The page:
Alzheimer's disease is the most common type of dementia and the most high-risk factor for its appearance is (old) age. It is a degenerative illness that affects cells of the cerebral cortex and its surrounding structures. It is progressive, incurable, accompanied with somatic complications and results in death. A yearly report from the Alzheimer's Association shows that one out of three elderly persons will die from this disease or some other form of dementia. Typical clinical symptoms include memory disorders and behavioral changes. Alzheimer's disease attacks cells in the cerebral cortex, it is characterized by a quick progression and cannot be reversed to its original state. In other words, it permanently damages one's neurons. The formation of the so-called "senile plaque" and "neurofilament aggregations" is caused by neural damage in the hippocampus.
Because of such a histopathological assessment, dementia of the Alzheimer's type is also called "hippocampal dementia". It is manifested with a memory disorder and spatial disorientation. After this, other physical disorders which include motor, speech, hearing and other disorders follow. It is a long and difficult illness and, currently being incurable, is very exhausting for the patient and his/her family. Other symptoms include forgetfulness, loss in time and space, inability to live on your own which leads to total dependency on others and their constant care. Since dementia is a slowly progressing illness, symptoms can become visible only after approx. 10 years or ever 20 years before they start to develop more seriously and rapidly.
Alzheimer's disease denotes the biggest challenge for the patient's family who may not be sufficiently versed in the illness and its progression. The disease requires a lot of sacrifice, dedication and love for the person affected by dementia. It requires a lot of work, motivation, knowledge and patience in order to gain a good and successful communication with the person suffering from Alzheimer's disease. An early diagnosis will have a great impact because the family often doesn't recognize the symptoms or assigns such behavior to "senile dementia". According to the number of people suffering from Alzheimer's disease, they take up to 60% of all patients suffering from some type of dementia. It is very important to point out that ageing increases the risk of dementia's appearance, but it doesn't necessarily mean that one will suffer from it. It would be very harmful to wrongfully interpret symptoms of dementia as a normal process of ageing. This refers us to the growing need to educate various experts who work with elderly persons as well as society in general. Also, an early, active and correct diagnosis of the illness is paramount.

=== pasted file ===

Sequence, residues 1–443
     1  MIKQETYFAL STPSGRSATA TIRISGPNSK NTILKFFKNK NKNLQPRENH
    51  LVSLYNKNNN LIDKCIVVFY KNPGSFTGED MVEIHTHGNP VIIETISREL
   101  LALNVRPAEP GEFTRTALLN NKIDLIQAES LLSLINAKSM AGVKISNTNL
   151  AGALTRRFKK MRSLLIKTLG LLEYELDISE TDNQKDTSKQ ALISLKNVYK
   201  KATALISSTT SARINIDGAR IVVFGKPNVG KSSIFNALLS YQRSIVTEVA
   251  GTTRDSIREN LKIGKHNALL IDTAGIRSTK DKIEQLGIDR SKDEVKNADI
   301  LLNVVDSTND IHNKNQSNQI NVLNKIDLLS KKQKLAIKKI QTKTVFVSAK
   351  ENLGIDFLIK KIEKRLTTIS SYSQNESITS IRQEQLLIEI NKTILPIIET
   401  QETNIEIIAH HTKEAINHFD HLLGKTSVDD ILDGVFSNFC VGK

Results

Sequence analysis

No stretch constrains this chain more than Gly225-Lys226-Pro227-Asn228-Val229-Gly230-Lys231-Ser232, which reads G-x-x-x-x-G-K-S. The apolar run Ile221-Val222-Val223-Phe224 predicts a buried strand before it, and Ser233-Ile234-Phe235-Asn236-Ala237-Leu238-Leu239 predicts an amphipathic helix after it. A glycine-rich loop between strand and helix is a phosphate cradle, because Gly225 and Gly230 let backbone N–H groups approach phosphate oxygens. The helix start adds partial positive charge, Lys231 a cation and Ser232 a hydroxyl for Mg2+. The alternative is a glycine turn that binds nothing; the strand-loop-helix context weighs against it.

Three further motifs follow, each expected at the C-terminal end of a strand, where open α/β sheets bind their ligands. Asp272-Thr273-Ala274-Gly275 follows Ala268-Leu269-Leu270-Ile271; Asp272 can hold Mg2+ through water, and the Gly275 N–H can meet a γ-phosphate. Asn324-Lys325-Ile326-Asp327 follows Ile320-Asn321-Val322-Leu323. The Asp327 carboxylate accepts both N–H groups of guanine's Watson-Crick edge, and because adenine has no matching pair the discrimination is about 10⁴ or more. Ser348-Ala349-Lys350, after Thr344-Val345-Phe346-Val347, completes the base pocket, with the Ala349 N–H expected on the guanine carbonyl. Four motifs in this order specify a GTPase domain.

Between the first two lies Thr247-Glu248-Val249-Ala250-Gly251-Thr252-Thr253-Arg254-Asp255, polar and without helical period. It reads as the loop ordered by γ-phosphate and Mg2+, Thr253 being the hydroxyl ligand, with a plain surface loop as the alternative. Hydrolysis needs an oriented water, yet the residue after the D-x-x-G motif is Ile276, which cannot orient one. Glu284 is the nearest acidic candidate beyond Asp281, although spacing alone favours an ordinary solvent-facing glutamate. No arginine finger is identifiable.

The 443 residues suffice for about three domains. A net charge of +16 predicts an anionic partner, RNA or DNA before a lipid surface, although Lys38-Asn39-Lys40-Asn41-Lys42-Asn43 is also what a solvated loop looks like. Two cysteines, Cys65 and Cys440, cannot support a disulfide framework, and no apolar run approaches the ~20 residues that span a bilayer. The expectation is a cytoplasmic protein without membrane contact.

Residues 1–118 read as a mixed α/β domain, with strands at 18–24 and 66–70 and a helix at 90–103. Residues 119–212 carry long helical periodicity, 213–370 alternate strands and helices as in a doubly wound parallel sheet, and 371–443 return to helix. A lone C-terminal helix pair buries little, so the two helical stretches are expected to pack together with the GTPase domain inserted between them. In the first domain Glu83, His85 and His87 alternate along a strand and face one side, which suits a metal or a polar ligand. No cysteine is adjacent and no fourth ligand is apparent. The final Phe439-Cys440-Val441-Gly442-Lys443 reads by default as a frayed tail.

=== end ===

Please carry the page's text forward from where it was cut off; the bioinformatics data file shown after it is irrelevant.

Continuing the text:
The key role in the early discovery of cognitive disabilities, Alzheimer's disease and other dementia have general practitioners because the first symptoms are usually noticed by the patient's family, his/her guardians or the patient himself. The patient and his/her family are gradually being isolated because the patient's behavior will become socially unacceptable. A reassignment of roles will probably happen within the family as well as an emotional and material exhaustion. There are retirement homes and social and health institutions which will unwillingly house these kinds of patients because their symptoms have become more complicated or they have showed a behavioral disorder. Many foster families, certain retirement homes and social welfare institutions are not professionals for this kind of care, whereas family care and keeping the patient within the family can, with time, become insufficient. Family members are most often left on their own. By placing their loved ones into retirement homes, care over the patient is taken over by their nurses.
Human population around the world is becoming more and more older, hence a larger number of people suffering from Alzheimer's disease is appearing. A new study shows that around 15 million Americans will have this type of disease by 2050 which is double the amount of patients (7 million) that have it now. "Today there are around 47 million people living in the US who have some sort of evidence about pre-clinical symptoms of Alzheimer's disease. This means that they have an accumulation of protein fragments called beta-amiloids or a neurological brain degeneration, but still do not manifest any symptoms related to the illness." said Dr. Ron Brookmeyer, a professor of Biostatistics from UCLA Fielding School of Public Health and a leading author of the study. The situation is a bit better in Europe and Australia, while the number of patients is most favorable in Asia.
It is important to point out how nutrition has a very important role in the prevention of diseases related to dementia. Also, adequate physical activity helps secure brain health which, in turn, affects the health of the entire human organism. Studies that have been run across the world prove that well-balanced and professionally-chosen martial arts exercises positively affect Alzheimer's disease. Namely, at the end of the 20th century in China, many different studies have been published about the positive effects of practicing Tai Chi on persons suffering from Alzheimer's disease. Similar studies, after which professional articles have been published, have been written at the beginning of the 21st century in Japan, Europe, America and Australia. Although many scientific papers have been written about the effects of martial arts on the human organism, literature is pretty scarce when it comes to Alzheimer's disease.